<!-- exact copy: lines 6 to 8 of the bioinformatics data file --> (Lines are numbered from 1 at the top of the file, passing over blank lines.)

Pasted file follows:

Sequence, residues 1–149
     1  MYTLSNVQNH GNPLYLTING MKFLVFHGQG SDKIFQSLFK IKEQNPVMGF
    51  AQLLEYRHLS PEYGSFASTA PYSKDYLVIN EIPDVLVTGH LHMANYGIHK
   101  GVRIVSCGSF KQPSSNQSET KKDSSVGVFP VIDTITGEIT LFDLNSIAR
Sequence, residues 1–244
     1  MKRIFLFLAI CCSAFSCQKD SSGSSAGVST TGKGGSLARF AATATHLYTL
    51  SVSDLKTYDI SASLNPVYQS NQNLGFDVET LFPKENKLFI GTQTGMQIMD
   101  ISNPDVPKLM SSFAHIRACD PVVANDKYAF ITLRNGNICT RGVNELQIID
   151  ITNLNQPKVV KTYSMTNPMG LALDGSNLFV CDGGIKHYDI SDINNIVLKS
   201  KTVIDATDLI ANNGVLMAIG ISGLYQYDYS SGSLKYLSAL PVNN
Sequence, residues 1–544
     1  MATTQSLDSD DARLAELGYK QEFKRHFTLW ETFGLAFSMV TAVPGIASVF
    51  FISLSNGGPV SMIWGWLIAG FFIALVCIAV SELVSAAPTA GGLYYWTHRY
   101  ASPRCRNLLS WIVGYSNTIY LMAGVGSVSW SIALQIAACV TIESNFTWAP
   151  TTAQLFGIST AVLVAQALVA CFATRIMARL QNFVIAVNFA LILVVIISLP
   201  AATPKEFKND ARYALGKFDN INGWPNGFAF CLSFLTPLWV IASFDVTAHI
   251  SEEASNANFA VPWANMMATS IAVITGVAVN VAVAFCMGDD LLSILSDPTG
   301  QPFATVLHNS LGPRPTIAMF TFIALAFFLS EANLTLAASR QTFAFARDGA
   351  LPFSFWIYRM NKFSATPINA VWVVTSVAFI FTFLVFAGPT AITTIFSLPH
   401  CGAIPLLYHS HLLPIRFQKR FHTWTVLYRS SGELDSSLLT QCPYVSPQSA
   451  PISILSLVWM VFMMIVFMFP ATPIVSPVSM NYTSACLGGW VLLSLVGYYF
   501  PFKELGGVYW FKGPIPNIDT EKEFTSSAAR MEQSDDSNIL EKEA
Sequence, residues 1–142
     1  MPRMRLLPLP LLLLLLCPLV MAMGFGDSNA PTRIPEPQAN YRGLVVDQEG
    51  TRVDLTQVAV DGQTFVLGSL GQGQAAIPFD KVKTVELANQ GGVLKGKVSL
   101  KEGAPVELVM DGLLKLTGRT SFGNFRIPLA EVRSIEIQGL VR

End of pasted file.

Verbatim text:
     1  MKRIFLFLAI CCSAFSCQKD SSGSSAGVST TGKGGSLARF AATATHLYTL
    51  SVSDLKTYDI SASLNPVYQS NQNLGFDVET LFPKENKLFI GTQTGMQIMD
   101  ISNPDVPKLM SSFAHIRACD PVVANDKYAF ITLRNGNICT RGVNELQIID